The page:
Running Vercel Postgres Locally

Running Vercel Postgres Locally

The setup I use for local work with Vercel Postgres or Neon database.Published .

Ship week was huge. Vercel announced new storage offerings. Alongside KV, Blob, and the production-ready Edge Config, we announced a full PostgreSQL offering based on Neon.

I am very excited that we have this offering. First, because I think Postgres databases are amazing. SQL is a champion for so many things. Second, Neon worked hard to make their database (and therefore Vercel Postgres) work on Edge Functions, which means lower cold boots and cheaper compute—and I’m excited.

Previously, my side projects were using Supabase. This was because they were Postgres with an HTTP API if I wanted to have an Edge Function. This caused me to use 2 different querying solutions. One was Prisma, and the other was the Supabase TypeScript library. Not anymore. Now I can use Kysely and query my database with the same constructs. It’s much simpler and works amazingly well.

One question still remains though: how can I use Vercel Postgres while running my local apps? I am a strong believer in running the infra locally when developing. This is probably because my internet doesn’t work that good and most services are deployed on the US. I am not going to wait for packets to be sent to Virginia from my apartment near Tel Aviv.

Under the hood, the Vercel Postgres connector is using a WebSocket connection. This is a very smart decision from the Neon team, using HTTP enables running almost everywhere. But PostgreSQL doesn’t speak WebSocket natively, so how can we host it ourselves?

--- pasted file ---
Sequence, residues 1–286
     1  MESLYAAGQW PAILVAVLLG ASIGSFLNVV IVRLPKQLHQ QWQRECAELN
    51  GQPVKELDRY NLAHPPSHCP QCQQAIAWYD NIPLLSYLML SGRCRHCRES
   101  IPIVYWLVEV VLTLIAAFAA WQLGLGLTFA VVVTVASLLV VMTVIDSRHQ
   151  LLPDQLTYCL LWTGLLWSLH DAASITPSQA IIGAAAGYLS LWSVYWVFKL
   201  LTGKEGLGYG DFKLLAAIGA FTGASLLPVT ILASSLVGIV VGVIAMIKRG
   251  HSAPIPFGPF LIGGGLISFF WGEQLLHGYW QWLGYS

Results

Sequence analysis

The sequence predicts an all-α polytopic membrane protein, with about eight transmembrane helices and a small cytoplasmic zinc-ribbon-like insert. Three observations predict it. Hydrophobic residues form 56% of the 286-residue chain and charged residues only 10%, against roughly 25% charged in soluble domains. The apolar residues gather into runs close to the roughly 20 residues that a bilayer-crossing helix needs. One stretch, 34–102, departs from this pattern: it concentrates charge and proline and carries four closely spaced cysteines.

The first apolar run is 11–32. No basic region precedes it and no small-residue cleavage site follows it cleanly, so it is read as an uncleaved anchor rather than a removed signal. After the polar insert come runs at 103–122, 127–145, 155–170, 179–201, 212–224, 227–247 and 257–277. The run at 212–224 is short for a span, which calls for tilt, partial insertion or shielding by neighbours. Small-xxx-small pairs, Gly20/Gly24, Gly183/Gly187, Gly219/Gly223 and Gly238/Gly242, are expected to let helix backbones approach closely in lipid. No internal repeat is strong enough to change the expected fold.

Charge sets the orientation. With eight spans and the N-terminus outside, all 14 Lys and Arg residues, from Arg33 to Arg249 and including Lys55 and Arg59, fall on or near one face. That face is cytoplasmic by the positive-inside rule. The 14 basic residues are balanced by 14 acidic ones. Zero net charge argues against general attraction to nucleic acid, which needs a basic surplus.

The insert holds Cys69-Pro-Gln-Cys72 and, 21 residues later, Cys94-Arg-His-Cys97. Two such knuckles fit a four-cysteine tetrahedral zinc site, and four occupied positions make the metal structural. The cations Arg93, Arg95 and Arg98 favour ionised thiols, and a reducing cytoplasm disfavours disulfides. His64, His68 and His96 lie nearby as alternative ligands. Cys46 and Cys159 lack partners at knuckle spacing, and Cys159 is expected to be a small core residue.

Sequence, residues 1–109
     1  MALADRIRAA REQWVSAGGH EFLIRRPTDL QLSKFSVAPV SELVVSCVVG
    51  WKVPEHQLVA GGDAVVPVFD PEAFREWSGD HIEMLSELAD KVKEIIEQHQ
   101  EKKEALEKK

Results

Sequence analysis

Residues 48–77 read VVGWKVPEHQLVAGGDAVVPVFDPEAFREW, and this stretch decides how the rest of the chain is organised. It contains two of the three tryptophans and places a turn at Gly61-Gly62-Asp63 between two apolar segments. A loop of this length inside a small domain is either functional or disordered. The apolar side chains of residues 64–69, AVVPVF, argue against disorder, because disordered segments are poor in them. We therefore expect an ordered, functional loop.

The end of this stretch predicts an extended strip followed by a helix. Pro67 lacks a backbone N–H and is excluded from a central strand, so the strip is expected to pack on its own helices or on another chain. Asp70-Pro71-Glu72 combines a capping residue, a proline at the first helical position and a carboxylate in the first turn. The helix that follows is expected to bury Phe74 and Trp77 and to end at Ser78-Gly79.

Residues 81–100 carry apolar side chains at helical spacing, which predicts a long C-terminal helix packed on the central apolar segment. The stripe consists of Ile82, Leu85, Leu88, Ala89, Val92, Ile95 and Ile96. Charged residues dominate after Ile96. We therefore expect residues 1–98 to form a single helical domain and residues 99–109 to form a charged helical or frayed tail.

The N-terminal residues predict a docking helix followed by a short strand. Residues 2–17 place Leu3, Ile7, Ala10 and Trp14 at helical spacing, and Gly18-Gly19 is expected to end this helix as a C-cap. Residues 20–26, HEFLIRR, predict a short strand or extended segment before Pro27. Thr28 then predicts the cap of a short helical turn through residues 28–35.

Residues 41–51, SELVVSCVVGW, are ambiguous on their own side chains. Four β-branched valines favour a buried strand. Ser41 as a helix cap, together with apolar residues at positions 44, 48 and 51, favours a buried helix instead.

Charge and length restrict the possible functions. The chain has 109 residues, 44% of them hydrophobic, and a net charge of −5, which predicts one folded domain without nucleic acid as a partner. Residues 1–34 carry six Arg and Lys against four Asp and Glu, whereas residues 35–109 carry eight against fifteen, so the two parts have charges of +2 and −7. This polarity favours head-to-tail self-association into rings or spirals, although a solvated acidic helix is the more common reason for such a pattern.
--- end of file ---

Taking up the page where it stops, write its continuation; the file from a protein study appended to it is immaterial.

I asked George MacKerron (aka @jawj) about it and he linked me their neondatabase/wsproxy repo and let me tell ya, it’s working very well. To make it work, though, you’ll need to configure the client for local development.

To run the database and proxy locally, you can use this docker-compose.yaml file, which runs a PostgreSQL instance on port 5432, and a Neon WebSocket proxy on port 5433:

    image: "postgres:15.2-alpine"
      POSTGRES_USER: postgres
      POSTGRES_PASSWORD: postgres
      POSTGRES_DB: postgres
      - "5432:5432"
      APPEND_PORT: "postgres:5432"
      ALLOW_ADDR_REGEX: ".*"
      LOG_TRAFFIC: "true"
      - "5433:80"
      - postgres

When connecting to the client, you’ll need to use Neon’s adapters (and not Vercel’s for now) and configure them like so:

import { NeonDialect } from "kysely-neon";
import { Kysely } from "kysely";
import type { DB } from "@/generated/db/types";
import { neonConfig } from "@neondatabase/serverless";

// if we're running locally
if (!process.env.VERCEL_ENV) {
  // Set the WebSocket proxy to work with the local instance
  neonConfig.wsProxy = (host) => `${host}:5433/v1`;
  // Disable all authentication and encryption
  neonConfig.useSecureWebSocket = false;
  neonConfig.pipelineTLS = false;
  neonConfig.pipelineConnect = false;

if (!process.env.POSTGRES_URL) {
  throw new Error("POSTGRES_URL is not set");

export const db = new Kysely<DB>({
  dialect: new NeonDialect({
    connectionString: process.env.POSTGRES_URL,

And now you can query and mutate data on your Vercel Postgres both on production, and with a local Postgres database when working locally.

As time goes on, I believe this setup will become easier or even not existent. I will update this blog post once we have a better solution. But for now, it’s nice to know that it is possible and works well.

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